None of the political parties in the UK, Germany and Norway, all of whom have upcoming elections, have email authentication or protection against spear phishing in place, according to new research.
The study by secure email company Agari shows that while eight percent have published an email authentication policy, they’ve left the door wide open by setting their policy to ‘none’, which will not stop malicious emails from reaching intended victims.
This lack of security is leaving voters, supporters and the parties themselves wide open to targeted email attacks using identity deception and social engineering methods. As demonstrated in the past year with the attacks on the En Marche! party in the French Presidential elections and on the Democratic National Committee (DNC) during the US presidential elections, an email attack that results in leaks of sensitive data can hamper a free and fair election and may, ultimately, impact the results.
To cut the risk, Agari recommends that parties should implement email authentication with a ‘reject’ policy using the open standard DMARC. This prevents impostors from using the domains of the political parties to deceive internal campaign staff, volunteers and the public. The combination of these two security defenses would have prevented both the US DNC compromise and the French En Marche! Attack.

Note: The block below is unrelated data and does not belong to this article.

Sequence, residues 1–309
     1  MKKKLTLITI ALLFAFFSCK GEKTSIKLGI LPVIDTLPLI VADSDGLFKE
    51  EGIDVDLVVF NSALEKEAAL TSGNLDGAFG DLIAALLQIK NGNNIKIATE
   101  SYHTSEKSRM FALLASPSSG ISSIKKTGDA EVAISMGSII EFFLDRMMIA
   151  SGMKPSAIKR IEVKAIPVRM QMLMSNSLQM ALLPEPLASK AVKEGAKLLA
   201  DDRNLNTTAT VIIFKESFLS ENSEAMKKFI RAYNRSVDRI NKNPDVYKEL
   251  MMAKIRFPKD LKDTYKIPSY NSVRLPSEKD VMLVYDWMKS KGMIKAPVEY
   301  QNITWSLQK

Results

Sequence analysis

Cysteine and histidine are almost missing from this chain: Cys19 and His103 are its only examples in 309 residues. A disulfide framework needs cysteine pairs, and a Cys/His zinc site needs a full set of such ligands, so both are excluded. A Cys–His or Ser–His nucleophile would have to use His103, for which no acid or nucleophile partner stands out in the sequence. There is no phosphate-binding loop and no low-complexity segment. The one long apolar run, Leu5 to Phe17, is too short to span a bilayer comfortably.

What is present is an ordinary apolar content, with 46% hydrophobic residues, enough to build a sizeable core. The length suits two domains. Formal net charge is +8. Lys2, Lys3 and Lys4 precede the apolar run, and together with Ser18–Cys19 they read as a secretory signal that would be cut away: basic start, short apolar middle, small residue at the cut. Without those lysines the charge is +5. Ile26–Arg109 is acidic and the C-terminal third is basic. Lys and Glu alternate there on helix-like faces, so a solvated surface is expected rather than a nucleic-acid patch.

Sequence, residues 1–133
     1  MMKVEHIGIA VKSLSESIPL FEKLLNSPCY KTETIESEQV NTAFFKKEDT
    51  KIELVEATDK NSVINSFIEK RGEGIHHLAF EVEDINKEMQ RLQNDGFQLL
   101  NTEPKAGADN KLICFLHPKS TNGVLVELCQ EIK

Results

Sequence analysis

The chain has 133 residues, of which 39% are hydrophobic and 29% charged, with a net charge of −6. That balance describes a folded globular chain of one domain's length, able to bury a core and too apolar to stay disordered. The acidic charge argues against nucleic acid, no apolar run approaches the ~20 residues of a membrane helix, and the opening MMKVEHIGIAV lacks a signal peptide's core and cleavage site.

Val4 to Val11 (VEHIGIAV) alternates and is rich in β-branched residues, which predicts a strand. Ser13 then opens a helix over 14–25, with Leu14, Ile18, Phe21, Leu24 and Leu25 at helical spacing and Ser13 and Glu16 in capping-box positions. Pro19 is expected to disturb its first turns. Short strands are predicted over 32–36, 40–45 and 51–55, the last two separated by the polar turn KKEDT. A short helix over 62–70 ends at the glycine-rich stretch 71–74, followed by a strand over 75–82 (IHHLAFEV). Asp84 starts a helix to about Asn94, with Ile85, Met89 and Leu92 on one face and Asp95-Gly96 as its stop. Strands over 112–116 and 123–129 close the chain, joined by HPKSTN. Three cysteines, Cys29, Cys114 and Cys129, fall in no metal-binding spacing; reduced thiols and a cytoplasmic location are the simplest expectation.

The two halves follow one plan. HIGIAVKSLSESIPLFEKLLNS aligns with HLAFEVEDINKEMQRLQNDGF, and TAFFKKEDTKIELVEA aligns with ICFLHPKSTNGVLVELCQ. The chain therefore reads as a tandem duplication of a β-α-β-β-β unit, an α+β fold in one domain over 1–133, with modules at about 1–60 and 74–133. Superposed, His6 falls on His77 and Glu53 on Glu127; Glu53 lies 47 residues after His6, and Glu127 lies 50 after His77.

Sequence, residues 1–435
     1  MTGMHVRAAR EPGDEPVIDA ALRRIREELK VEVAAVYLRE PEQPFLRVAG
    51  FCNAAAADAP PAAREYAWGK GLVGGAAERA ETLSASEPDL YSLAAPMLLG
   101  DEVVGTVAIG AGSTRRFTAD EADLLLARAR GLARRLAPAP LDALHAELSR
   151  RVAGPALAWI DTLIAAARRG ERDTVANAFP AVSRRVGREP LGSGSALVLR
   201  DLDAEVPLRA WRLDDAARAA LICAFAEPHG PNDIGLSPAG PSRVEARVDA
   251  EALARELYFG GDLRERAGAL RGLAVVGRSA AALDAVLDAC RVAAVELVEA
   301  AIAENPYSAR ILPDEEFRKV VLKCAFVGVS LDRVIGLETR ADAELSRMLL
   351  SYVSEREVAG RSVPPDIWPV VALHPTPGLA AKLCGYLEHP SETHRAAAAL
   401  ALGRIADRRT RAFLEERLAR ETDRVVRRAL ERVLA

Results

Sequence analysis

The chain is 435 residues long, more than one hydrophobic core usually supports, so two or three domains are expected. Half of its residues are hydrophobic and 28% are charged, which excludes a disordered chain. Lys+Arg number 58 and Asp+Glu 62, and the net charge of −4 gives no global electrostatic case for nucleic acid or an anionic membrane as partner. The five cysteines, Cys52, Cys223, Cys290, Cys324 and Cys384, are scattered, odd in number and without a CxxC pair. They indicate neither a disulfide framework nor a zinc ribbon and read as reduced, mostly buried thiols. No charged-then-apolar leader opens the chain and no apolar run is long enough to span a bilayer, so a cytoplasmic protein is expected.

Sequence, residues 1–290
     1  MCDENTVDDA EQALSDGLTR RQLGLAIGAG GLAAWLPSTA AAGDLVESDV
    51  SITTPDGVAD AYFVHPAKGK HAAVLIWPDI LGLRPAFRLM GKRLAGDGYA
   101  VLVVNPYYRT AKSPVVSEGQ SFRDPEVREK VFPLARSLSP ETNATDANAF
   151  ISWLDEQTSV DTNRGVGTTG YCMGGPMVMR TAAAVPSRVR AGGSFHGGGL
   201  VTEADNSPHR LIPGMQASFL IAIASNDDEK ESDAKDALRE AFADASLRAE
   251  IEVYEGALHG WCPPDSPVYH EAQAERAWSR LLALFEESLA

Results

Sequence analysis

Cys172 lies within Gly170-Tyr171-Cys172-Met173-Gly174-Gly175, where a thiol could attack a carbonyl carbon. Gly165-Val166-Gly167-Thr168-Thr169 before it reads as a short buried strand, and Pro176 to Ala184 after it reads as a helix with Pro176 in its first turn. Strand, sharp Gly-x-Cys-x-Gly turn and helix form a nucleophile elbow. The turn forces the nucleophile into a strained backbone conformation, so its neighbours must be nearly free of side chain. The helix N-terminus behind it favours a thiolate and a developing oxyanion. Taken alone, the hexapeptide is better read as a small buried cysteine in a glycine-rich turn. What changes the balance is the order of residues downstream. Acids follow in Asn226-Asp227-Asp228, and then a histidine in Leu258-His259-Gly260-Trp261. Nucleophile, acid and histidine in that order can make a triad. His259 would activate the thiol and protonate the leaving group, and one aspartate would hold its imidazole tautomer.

“This is a disaster waiting to happen,” says Dr Markus Jakobsson, chief scientist at Agari. “It appears that in spite of the now infamous email attacks that have blighted two elections in recent months, political parties are still showing no signs of even acknowledging that they need email protection. DMARC allows organisations to make it impossible to spoof their email domains. In the absence of a DMARC policy and protection against identity deception, anybody can write an email that appears to come from an unprotected organisation and have it delivered to the unwitting victim-to-be.”
Agari is responding to the findings by offering free DMARC attack protection for all parties in the upcoming UK, German and Norwegian elections using its Email Trust Platform, you can find out more on the company’s blog.